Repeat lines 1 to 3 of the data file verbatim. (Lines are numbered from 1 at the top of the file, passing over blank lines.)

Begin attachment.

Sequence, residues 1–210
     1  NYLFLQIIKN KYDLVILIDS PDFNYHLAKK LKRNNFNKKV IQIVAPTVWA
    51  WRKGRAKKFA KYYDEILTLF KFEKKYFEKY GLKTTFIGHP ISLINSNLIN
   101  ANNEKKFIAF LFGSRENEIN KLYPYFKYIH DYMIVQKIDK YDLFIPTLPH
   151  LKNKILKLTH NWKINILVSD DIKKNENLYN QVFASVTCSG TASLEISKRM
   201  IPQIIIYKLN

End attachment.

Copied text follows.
Sequence, residues 1–210
     1  NYLFLQIIKN KYDLVILIDS PDFNYHLAKK LKRNNFNKKV IQIVAPTVWA
    51  WRKGRAKKFA KYYDEILTLF KFEKKYFEKY GLKTTFIGHP ISLINSNLIN